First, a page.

"We know it's not ideal and we certainly empathize with those patients but unfortunately they have to be cared for in those locations. Our staff do a tremendous job of accommodating the patients as best they can, but there's no doubt it creates additional stress on the staff who want to provide the best care that they can, and it's stressful for them to provide care in spaces that weren't designed for that purpose."

Health Sciences North has submitted a proposal to the Ministry of Health, requesting an additional 37 bed spaces for the hospital. Hartman says that proposal is currently in the review process, but is at best a short-term solution.

"Really the total capacity within our system is what's most important. We know HSN was built too small to meet the needs of the population that we serve from right across the region," said Hartman. 

"That's why we have asked for this additional renovation, it's also why the first goal in our strategic plan was to develop a longer term capital master plan that would address some of these capacity issues, but in both of those cases they are longer term strategies to address the problem."

In spite of the high number of ALC patients and patients in unconventional bed spaces, HSN has managed to keep a handle on their wait times when it comes to admitting patients from the Emergency Department. 

Health Sciences North is still better than the provincial average when it comes to wait times, from the time a patient arrives in the ED to the time they're admitted.

"That aspect of the time period we do very well. It tends to increase when the Emergency Department is full and we can't flow patients through, but on average we do very well," said Hartman.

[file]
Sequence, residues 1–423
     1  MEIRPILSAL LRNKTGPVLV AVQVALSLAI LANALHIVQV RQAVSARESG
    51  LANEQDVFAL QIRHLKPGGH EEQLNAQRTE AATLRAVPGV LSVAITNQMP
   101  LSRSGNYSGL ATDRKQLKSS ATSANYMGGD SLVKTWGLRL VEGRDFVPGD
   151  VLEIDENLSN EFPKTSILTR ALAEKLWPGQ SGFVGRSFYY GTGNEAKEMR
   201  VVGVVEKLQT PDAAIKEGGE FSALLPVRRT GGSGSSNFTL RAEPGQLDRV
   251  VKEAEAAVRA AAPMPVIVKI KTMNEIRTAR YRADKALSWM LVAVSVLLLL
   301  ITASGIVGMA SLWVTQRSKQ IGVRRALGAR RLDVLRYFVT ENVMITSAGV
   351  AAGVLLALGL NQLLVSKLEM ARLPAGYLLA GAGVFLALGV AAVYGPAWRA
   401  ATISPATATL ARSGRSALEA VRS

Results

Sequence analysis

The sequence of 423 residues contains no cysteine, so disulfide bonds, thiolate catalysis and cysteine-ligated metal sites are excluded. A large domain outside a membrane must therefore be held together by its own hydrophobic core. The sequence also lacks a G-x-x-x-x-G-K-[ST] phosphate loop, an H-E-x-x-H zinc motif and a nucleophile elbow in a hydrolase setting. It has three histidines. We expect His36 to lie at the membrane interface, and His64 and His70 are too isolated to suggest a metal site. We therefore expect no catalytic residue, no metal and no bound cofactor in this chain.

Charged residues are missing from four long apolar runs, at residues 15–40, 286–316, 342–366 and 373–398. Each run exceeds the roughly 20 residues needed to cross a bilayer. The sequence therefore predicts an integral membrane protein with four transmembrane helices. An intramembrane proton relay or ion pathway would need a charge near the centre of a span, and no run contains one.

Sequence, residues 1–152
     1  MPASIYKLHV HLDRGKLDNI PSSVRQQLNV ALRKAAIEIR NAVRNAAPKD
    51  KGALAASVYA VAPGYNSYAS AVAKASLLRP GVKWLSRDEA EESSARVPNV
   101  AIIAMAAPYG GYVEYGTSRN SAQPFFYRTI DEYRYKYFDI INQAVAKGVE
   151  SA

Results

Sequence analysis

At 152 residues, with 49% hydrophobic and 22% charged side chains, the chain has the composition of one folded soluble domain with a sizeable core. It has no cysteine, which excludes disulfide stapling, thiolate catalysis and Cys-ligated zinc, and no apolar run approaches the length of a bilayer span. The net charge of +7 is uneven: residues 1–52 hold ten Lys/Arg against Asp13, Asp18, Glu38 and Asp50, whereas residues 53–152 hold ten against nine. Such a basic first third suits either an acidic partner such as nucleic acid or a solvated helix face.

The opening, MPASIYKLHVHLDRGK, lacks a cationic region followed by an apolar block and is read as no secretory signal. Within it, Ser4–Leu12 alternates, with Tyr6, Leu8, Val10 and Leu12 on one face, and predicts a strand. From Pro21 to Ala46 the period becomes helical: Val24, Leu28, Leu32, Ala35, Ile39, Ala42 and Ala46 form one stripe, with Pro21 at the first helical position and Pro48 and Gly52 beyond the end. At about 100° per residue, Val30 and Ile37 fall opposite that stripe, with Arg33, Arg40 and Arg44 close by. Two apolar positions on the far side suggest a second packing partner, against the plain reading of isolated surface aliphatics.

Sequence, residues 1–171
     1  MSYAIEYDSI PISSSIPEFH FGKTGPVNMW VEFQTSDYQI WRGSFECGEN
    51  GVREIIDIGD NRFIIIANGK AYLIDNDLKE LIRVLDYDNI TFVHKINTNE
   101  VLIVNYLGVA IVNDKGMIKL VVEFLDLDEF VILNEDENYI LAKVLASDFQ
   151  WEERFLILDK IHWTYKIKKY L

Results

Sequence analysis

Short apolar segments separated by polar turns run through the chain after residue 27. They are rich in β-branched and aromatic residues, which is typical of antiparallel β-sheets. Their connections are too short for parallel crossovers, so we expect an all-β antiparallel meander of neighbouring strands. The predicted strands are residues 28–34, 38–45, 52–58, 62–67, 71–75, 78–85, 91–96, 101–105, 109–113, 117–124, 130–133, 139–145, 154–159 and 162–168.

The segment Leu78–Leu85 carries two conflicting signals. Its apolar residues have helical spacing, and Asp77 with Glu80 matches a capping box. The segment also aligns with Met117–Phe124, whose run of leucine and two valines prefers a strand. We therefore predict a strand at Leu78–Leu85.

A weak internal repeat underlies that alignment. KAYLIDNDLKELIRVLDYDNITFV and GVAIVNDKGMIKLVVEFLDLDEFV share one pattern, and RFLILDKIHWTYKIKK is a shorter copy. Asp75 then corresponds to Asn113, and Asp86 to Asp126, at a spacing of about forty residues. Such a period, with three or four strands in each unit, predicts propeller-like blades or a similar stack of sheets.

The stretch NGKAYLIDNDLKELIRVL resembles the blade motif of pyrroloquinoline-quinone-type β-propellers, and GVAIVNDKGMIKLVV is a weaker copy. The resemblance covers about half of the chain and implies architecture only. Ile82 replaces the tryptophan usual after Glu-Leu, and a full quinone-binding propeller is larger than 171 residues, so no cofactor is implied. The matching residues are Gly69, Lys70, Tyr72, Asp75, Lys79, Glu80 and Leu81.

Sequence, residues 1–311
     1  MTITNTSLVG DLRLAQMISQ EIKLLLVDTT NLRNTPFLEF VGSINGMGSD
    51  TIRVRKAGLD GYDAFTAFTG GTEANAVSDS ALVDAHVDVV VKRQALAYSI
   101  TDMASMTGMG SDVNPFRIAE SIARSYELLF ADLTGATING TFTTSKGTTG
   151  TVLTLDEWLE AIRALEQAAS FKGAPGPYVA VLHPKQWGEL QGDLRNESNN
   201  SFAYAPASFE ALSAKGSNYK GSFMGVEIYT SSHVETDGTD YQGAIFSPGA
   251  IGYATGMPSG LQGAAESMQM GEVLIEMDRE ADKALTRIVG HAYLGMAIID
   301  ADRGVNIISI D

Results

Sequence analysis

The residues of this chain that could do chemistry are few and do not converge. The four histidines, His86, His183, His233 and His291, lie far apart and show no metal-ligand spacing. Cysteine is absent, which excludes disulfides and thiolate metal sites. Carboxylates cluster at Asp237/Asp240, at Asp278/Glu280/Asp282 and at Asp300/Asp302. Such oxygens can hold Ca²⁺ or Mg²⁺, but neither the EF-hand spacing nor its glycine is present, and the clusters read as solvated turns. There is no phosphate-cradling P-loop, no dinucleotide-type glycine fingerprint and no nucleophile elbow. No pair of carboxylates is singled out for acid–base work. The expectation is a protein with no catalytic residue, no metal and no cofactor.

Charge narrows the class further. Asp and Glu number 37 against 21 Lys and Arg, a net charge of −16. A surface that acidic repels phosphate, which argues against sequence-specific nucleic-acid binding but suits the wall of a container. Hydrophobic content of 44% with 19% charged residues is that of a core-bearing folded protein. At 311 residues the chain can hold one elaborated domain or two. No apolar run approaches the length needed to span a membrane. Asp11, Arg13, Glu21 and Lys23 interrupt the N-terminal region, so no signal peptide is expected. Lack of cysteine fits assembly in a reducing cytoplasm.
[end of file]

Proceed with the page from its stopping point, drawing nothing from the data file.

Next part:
"Where we don't do as well is after a patient has seen a physician and they get admitted. That time from admission to access to an inpatient bed is longer than the provincial average. What we typically see when ALC goes up and our number of patients waiting in the Emergency Department goes up, we see those times go up."

Hartman says that HSN's ability to admit patients quicker than the provincial average, but inability to hit that target when it comes to getting patients into bed spaces is indicative of the larger issue within the system as a whole.

"It just reinforces that the problem is not with how efficient our Emergency Department is, when they have the space and capacity they're very efficient; the problem is being able to move patients to inpatient beds."

Health Sciences North is working closely with their partner organizations such as St. Joseph's Continuing Care and Extendicare in looking at possible solutions to have patients getting the correct level of care at the right time.

"It's a system approach that we need to take. I would say that we see the provincial government making this a priority ... their intent to open up more LTC beds, to break down silos in the system to improve co-ordination of care, recognizing that the overcrowding is a system problem, that's the first step in trying to address the issue," said Hartman.

"We certainly feel that our strategic plan is aligned with the direction of the government."